I think picking numbers is a great way to go on this one. You can also do the algebra which could be a little faster depending on how speedy you are at setting it up but, at least in my mind, is less straight forward and I've seen many GMAT tutoring students screw it up. I'll do the algebra in the diagram and in the video for your reference.   Video Solution: During a trip, Francine traveled x percent of the total distance at an average speed of 40 miles per hour and the rest of the distance at an average speed of 60 miles per hour. In terms of x, what was Francine's average speed for the entire trip?

## Additional GMAT Work and Rate/Weighted Average Practice

Here's a work and rate question from GMAT Question of the day which has the same basic structure and explains the rate t's a bit more.

Here's a very challenging average rate question from the GMAT Prep Tests. Same basic premise but on this one the follow through is tougher because it involves a quadratic.

GMAT Work and Rate question from the Official Guide to practice picking numbers. It's a cooperative rate so the follow through is a bit different than the above "Francine" average rate but you can still use rate T's and again pick numbers: Working simultaneously at their respective constant rates, Machines A and B produce 800 nails in x hours

# Last Sunday a certain store sold copies of Newspaper A for \$1.00 each and copies of Newspaper B for \$1.25 each, and the store sold no other newspapers that day. If r percent of the store’s revenues from newspaper sales was from Newspaper A and if p percent of the newspapers that the store sold were copies of newspaper A, which of the following expresses r in terms of p? GMAT Explanation, Video Solution, and additional practice questions!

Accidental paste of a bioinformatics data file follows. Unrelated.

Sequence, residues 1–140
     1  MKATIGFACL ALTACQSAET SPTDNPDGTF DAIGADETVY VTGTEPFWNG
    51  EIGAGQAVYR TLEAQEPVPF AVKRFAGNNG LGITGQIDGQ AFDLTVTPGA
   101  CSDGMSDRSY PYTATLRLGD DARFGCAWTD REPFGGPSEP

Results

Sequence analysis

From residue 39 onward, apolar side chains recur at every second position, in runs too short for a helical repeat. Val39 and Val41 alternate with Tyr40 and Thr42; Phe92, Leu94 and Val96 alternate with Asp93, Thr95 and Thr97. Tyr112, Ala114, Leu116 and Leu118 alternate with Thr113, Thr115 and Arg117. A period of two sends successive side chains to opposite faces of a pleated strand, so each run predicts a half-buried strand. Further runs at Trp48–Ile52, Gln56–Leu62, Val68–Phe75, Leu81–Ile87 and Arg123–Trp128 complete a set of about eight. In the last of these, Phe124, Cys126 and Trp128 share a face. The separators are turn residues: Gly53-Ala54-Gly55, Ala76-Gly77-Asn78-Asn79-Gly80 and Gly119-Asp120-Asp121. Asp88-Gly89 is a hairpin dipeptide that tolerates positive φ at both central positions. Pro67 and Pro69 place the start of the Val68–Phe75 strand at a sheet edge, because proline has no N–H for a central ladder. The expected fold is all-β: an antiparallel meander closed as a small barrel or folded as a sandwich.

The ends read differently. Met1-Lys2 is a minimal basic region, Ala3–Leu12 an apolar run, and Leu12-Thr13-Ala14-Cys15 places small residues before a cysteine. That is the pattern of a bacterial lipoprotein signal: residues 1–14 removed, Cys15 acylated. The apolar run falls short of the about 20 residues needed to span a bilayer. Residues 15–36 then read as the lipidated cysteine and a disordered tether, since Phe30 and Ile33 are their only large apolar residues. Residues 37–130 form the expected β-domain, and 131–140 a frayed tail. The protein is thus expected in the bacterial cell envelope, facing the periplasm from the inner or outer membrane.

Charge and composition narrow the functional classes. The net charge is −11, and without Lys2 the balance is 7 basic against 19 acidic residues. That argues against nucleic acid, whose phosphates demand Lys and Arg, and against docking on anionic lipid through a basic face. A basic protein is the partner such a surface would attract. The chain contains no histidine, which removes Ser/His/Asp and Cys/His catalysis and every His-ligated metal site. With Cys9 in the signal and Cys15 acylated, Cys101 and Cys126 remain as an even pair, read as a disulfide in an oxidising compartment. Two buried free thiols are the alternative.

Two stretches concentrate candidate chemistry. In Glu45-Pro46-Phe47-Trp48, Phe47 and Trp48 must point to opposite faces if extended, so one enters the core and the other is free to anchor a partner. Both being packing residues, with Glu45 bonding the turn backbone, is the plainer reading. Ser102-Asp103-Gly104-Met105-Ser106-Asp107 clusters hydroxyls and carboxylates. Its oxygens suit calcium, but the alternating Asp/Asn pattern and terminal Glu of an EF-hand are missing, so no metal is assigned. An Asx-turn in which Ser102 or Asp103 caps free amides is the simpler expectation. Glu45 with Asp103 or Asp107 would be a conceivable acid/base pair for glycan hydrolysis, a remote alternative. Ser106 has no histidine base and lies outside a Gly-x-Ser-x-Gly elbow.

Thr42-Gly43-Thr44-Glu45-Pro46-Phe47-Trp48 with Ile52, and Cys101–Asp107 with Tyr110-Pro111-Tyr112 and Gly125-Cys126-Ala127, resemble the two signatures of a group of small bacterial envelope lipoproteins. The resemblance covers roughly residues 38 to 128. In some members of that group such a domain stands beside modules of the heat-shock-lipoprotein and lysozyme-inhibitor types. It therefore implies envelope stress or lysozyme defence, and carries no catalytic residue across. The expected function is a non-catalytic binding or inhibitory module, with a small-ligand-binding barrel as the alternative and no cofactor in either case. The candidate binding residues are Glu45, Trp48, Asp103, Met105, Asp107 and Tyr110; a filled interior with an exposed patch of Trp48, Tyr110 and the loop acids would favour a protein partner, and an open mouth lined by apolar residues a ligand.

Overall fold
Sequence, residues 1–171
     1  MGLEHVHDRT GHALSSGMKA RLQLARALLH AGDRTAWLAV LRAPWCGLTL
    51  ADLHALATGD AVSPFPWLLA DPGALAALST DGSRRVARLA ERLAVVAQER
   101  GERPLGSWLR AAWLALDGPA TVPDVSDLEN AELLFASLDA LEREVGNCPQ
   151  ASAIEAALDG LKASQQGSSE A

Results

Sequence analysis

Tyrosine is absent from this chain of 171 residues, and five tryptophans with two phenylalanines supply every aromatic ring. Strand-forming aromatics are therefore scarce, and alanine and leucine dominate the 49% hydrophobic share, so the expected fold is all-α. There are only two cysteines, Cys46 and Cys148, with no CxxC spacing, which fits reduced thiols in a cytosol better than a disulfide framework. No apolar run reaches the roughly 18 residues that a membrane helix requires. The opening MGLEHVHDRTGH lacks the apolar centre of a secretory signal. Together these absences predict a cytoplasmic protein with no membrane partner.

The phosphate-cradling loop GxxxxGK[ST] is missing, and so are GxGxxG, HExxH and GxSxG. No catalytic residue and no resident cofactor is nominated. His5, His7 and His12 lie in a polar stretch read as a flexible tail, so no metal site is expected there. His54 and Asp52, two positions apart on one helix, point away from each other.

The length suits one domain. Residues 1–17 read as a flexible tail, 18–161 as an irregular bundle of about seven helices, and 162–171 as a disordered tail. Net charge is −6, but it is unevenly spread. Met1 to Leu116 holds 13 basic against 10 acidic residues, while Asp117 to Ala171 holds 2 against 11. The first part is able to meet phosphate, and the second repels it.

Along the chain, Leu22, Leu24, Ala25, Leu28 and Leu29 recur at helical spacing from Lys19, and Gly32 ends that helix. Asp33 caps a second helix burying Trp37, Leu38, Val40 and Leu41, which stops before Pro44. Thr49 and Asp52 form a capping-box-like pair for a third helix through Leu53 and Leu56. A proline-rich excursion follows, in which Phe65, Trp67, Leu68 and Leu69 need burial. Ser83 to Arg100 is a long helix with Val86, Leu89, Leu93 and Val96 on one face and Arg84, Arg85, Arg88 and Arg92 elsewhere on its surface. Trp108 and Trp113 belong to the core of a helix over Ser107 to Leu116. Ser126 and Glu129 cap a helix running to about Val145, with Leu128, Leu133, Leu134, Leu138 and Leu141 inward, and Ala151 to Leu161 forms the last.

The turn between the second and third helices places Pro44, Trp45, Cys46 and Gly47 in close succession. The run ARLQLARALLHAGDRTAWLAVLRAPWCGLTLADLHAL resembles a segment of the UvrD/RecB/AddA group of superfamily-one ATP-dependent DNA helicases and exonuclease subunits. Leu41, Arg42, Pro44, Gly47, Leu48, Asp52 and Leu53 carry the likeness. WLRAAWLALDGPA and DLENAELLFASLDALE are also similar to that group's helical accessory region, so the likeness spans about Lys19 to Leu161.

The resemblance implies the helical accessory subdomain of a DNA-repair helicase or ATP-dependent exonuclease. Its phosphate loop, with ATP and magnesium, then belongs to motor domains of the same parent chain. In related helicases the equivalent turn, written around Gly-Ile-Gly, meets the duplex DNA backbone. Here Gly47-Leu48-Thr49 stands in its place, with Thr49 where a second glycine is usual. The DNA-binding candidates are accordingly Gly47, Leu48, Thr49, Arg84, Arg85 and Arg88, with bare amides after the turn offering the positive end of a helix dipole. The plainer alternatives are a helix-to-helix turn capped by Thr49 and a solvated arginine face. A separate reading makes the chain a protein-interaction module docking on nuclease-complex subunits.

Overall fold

Last Sunday a certain store sold copies of Newspaper A for \$1.00 each and copies of Newspaper B for \$1.25 each, and the store sold no other newspapers that day. If r percent of the store’s revenues from newspaper sales was from Newspaper A and if p percent of the newspapers that the store sold were copies of newspaper A, which of the following expresses r in terms of p?

A. 100p/(125–p)

B. 150p/(250–p)

C. 300p/(375–p)

D. 400p/(500–p)

E. 500p/(625–p)

OK, so this Newspaper Store question is a big one. We see this all the time in the course of GMAT tutoring. It's dense. No matter how you slice it's a bit time consuming. Understand it. Yes you should. Solve it on your GMAT? That's a maybe.

That does't mean run and hide whenever you see a dense word problem. Still, dense + variables in answer choices might be an indicator that you could be in for the long haul even if you ultimately succeed. Again: long word problem does not equal auto skip. Here's a wordy GMAT remainder/ divisibility question from the GMAT official guide that while considered tough can be solved pretty easily provided that you have a decent method.

Back to last Sunday at the newspaper store! First step: read carefully. Don't skim. Digest as you read BUT try not to solve as you read. We need to get the setup before we follow through.

Now let's go ahead and define the question. Again, let's not calculate or worry about the numbers but focus on the story (the nouns).

Here's the question: which of the following expresses r in terms of p?

Not necessarily a straightforward thing to define in a useful way. In this case I'd start by defining r and p separately and then see how we can connect them. You can start with either r or p but generally aim to start easy. I'd say p is slightly simpler so let's start there.

p = the percent of the newspapers that the store sold were copies of newspaper A

Great. Easy. So let's add some variables. #A and #B. So P = (#A/(#A + #B))*100. Why are we multiplying by 100? It's a percent! Without the 100, the fraction is just a decimal. To get the percent you need to multiply by 100. This step can range from unimportant to critical. If picking numbers and plugging back into answer choices multiplying by 100 for percents is very important. If you don't multiply by 100 your result won't match any of the answer choices.